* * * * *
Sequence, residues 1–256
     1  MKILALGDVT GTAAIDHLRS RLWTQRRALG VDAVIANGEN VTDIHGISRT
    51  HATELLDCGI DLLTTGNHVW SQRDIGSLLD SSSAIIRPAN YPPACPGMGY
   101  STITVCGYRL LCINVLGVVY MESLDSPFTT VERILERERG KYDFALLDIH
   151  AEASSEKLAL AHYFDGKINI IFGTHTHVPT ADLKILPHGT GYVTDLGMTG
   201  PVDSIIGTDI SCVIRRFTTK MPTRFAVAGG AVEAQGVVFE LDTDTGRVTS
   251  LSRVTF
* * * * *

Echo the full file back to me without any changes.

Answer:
Sequence, residues 1–256
     1  MKILALGDVT GTAAIDHLRS RLWTQRRALG VDAVIANGEN VTDIHGISRT
    51  HATELLDCGI DLLTTGNHVW SQRDIGSLLD SSSAIIRPAN YPPACPGMGY
   101  STITVCGYRL LCINVLGVVY MESLDSPFTT VERILERERG KYDFALLDIH
   151  AEASSEKLAL AHYFDGKINI IFGTHTHVPT ADLKILPHGT GYVTDLGMTG
   201  PVDSIIGTDI SCVIRRFTTK MPTRFAVAGG AVEAQGVVFE LDTDTGRVTS
   251  LSRVTF